She recalled it like this:
I found myself standing in St. Peter’s Square. The bronze, marble, and granite of the piazza’s art and architecture shone hard in the hot Mediterranean sun. The saints’ statues rimming the balustrade atop the columns surrounding the forecourt stood like sentries guarding the opulence. Maybe it was the brilliance of noon, but I also had the impression of gilded, jewel-encrusted edifices.
The people were cheering and looking upward in awe at the balcony of the Papal apartments. The Supreme Pontiff, robed in regal attire, gleaming mitre crowning his head, smiled and waved. He seemed well pleased with the power of the presentation, the homage of the pilgrims.
Suddenly, I was aware of a man standing nearby. Silently, he guided me inside the basilica. I stepped through a massive door anticipating the famous splendor of the interior, but it was dark and thick with dust. As my eyes adjusted, I perceived the floor was moving. In horror, I realized the movement was caused by hundreds of human beings on their hands and knees scratching in the dirt.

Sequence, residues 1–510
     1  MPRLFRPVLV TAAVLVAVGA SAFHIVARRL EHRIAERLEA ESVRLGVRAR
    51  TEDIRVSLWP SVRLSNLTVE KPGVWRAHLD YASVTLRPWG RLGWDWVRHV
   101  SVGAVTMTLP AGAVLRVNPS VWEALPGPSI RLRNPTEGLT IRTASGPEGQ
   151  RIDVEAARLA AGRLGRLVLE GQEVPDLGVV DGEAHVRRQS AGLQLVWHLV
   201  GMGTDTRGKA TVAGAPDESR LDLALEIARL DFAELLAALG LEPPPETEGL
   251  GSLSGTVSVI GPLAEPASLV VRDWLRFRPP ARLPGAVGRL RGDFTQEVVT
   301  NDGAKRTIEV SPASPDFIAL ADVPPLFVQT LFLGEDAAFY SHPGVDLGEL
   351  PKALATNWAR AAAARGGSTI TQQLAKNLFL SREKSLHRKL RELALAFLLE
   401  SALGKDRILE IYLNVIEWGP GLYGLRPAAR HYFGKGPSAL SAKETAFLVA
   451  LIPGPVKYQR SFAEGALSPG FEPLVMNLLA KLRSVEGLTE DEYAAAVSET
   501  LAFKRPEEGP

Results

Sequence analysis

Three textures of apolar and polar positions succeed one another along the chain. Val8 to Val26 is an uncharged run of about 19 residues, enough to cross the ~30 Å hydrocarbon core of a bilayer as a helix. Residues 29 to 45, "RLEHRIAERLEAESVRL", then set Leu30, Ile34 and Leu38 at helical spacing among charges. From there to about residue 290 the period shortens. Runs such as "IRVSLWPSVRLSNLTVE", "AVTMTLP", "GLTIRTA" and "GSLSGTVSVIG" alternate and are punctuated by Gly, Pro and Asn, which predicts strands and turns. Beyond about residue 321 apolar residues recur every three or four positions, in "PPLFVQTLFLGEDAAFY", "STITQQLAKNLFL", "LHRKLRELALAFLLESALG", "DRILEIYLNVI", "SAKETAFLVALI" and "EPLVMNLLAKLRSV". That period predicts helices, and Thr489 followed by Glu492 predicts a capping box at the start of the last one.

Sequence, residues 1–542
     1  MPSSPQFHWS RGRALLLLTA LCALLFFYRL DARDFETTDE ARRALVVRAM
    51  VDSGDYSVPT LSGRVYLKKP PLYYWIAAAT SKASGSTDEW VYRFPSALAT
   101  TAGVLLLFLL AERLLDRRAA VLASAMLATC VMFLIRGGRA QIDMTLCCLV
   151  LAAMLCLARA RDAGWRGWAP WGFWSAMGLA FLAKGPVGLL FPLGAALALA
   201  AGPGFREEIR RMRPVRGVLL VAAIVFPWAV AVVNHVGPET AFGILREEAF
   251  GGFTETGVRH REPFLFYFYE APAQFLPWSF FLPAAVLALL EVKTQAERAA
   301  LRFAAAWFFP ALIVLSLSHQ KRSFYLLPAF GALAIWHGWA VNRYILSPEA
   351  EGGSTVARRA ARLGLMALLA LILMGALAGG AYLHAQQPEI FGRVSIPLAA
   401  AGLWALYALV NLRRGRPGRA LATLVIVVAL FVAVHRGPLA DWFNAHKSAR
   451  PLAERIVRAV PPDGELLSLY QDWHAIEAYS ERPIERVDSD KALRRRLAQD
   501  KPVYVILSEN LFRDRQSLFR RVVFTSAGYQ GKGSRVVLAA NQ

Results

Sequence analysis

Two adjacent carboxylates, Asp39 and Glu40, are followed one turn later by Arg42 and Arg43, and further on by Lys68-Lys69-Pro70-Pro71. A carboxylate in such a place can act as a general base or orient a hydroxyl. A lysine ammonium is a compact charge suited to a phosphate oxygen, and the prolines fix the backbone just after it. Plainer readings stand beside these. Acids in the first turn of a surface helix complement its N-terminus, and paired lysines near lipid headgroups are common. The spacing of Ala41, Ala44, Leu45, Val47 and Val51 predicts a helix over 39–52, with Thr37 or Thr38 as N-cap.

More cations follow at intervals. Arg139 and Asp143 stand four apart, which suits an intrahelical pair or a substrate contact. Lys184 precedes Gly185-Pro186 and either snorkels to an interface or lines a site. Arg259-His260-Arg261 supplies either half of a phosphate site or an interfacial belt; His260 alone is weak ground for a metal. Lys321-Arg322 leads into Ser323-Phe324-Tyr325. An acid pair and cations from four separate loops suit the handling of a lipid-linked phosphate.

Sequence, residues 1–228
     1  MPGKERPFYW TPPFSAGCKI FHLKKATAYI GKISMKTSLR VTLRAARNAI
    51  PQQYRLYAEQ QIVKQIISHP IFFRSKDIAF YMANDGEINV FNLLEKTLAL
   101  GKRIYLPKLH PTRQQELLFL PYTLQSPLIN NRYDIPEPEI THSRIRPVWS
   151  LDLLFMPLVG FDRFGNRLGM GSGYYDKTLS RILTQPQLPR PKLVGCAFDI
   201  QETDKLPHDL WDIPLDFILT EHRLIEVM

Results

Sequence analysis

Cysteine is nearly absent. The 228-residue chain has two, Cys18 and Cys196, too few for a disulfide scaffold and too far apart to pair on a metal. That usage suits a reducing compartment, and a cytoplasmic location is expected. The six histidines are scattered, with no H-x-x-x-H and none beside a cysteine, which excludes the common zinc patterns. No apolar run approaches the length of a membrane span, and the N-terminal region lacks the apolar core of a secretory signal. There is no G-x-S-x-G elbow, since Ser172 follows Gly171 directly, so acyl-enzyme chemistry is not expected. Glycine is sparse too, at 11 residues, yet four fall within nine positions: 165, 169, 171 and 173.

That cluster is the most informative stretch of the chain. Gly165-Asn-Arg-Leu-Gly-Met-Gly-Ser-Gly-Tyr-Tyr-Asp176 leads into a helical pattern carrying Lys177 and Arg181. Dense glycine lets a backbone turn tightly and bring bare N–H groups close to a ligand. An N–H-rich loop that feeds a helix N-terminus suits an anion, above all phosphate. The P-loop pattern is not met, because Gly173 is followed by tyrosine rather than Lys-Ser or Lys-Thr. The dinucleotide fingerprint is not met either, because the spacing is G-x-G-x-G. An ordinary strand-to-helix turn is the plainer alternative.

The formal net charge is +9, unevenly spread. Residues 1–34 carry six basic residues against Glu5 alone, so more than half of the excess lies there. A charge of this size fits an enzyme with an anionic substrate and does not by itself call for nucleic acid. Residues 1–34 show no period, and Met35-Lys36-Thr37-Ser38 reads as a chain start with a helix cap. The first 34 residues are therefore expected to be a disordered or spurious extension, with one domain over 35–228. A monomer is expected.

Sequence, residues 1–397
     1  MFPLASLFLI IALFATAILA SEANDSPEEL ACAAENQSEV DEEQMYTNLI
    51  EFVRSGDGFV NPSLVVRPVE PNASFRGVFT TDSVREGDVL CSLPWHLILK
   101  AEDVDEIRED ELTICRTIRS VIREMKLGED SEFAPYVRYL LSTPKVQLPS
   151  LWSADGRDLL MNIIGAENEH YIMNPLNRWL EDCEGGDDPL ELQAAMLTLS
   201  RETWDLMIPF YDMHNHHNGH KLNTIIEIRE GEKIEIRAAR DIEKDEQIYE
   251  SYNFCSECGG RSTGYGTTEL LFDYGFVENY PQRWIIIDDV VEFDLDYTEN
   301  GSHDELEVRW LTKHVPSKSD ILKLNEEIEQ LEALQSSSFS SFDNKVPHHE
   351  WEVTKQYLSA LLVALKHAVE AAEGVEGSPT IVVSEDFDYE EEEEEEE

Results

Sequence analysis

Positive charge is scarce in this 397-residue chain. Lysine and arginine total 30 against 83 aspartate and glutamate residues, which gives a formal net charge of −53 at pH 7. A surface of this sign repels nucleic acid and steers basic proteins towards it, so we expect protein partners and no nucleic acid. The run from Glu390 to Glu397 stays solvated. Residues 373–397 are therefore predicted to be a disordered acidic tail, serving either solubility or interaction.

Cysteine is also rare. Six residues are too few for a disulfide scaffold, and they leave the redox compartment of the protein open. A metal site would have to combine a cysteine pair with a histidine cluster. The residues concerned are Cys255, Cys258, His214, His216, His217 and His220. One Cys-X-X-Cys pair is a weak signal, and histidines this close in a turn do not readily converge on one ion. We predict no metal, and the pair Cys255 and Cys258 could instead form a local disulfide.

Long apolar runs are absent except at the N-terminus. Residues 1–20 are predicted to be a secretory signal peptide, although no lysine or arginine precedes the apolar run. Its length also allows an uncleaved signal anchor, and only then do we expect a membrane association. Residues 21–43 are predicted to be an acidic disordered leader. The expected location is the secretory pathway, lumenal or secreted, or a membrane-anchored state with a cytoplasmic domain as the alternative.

It was then I realized it was all a façade.
My sister said the dream of St. Peter’s Square startled her even though she had long since left Roman Catholicism. But it also prompted gratitude—in both of us, former Roman Catholics. Gratitude for having been invited entrance to God’s “rest” by faith , not by pilgrimage, homage, or scratching in the dirt for the price of admission. Gratitude for Jesus, who paid the cost in precious coin, His blood. And gratitude that St. Peter preceded us not in worldly pomp and glory but as the very first to declare the knowledge revealed by the Father that Jesus is the Son of the living God:
“When Jesus came into the coasts of Cesarea Philippi, he asked his disciples, saying, Whom do men say that I the son of man am? / And they said, some say that thou are John the Baptist: some, Elias; and others, Jeremias, or one of the prophets. / He saith unto them But whom say ye that I am? / And Simon Peter answered and said, Thou are the Christ, the Son of the living God. / And Jesus answered and said unto him, Blessed art thou, Simon Bar-jona: for flesh and blood hath not revealed it unto thee, but my Father which is in heaven. / And I say also unto thee, That thou art Peter, and upon this rock I will build my church; and the gates of hell shall not prevail against it” (Mathew 16: 13-18 KJV).
Memory withers, pomp and glory, even under a brilliant Mediterranean sun, fade, but the question—and the invitation—remain.
 Hebrews 4:1-11
Photo from public domain: http://en.wikipedia.org/wiki/File:St-Peters-Square-and-St-Peters-Basilica.jpg